My younger self would be very surprised. Everyone around me, who knew me before, is still kind of surprised. We thought I was going to be a professor in neuropsychology, or some other kind of academic with some kind of a side hustle consisting of music. And then for a few years, we thought I was just going to be a lost cause.

I was never that interested in visual arts when I was younger - I was very concerned with being smart and pretty. But I loved music and took singing classes, and it was my vocal coach, Ida Spinner, who introduced me to a world of uncompromising lyricists and musicians; through them I began to discover all these people who so desperately needed to express themselves and show their hearts to the world.

Where do you think you would have been without such early inspiration from Ida, your music teacher? Despite it being a different medium, has it been the catalyst for challenging and unfolding your creativity?

I don’t think I would have been particularly interesting, or even a very nuanced person without Ida. She gave me ways of understanding the world that I didn’t have before.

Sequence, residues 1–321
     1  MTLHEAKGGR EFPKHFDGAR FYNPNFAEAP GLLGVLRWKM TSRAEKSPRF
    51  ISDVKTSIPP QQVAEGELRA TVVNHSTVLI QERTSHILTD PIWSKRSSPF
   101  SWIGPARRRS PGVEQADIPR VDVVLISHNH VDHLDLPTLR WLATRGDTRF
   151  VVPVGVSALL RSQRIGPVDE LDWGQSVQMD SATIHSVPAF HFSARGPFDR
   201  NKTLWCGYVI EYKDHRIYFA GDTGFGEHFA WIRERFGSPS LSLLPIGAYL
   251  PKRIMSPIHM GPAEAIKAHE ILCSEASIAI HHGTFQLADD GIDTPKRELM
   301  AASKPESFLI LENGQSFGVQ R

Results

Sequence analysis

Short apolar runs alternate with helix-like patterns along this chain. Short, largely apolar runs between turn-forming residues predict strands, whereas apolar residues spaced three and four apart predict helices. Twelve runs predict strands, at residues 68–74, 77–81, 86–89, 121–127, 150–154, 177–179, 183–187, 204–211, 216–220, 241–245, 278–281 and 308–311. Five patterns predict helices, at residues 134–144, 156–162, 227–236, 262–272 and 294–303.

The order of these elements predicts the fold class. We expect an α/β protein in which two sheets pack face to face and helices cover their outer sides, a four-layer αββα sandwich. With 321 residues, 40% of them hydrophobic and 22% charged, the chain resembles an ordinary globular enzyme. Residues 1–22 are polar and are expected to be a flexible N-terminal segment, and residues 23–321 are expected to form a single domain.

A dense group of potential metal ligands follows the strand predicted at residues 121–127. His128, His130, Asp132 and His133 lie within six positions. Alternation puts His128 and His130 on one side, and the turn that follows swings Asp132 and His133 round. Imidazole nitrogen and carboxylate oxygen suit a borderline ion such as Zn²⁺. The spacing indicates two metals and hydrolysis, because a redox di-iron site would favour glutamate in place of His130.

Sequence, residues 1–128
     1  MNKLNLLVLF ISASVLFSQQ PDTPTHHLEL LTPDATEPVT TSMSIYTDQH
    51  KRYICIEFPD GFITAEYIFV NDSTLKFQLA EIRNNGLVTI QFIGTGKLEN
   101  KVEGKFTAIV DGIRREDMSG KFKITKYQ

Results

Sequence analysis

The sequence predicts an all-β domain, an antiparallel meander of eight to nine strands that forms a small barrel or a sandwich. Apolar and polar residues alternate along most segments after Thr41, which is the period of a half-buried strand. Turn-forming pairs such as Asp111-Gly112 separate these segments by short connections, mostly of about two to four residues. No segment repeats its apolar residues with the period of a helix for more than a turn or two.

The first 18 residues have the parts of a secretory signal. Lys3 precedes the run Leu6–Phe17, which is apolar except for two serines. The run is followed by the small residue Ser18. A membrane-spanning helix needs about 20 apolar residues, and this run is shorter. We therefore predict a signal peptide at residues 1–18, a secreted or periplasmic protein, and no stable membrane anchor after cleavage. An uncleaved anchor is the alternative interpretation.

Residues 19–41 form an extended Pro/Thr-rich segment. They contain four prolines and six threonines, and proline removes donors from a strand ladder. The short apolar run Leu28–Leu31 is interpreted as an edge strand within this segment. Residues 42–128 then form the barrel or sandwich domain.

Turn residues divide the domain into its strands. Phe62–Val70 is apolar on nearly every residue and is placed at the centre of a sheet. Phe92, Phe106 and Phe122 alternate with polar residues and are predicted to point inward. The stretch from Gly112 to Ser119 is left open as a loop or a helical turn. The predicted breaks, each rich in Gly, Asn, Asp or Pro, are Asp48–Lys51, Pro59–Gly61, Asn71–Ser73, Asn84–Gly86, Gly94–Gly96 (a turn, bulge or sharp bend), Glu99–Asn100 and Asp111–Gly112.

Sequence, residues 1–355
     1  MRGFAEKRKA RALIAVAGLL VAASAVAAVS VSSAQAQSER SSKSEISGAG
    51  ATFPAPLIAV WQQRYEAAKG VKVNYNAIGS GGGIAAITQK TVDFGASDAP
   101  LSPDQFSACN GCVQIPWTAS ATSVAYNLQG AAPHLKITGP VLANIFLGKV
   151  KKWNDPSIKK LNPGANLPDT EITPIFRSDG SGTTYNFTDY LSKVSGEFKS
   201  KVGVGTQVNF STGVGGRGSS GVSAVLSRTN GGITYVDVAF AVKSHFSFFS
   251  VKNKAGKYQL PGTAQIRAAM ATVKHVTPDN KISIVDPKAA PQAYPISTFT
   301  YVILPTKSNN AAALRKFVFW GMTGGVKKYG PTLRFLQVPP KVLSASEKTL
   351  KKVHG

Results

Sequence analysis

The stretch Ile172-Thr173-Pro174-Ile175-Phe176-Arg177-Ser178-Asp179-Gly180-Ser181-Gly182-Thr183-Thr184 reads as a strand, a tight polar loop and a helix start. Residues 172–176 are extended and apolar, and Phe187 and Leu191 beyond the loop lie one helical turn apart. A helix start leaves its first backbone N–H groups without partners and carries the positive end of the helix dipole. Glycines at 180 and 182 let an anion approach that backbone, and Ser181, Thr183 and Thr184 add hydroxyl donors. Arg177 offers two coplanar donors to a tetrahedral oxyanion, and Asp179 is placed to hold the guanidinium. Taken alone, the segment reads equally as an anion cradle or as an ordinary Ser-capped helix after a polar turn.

I grew up in a very small bubble of immense privilege in the North Zealand part of Denmark, and for the first 18 or so years of my life, I was only living in this very secluded little world, desperation, embrace or diversity isn’t really what takes center stage in a bubble of privilege. So her popping that bubble, and sparking an intense interest in all these other worlds full of grit and heart, I think that saved me from becoming quite simple and narrow-minded.

With that in mind, what do you find the most challenging/easiest in maintaining your creative processes over time?

The most challenging part for me is having a sense of overview. I’m not great at the whole career and planning part. Sometimes it can be hard to protect the integrity as well.

The easiest is maintaining my interest.

Do you have any rituals when it comes to starting your art, and have they changed over time?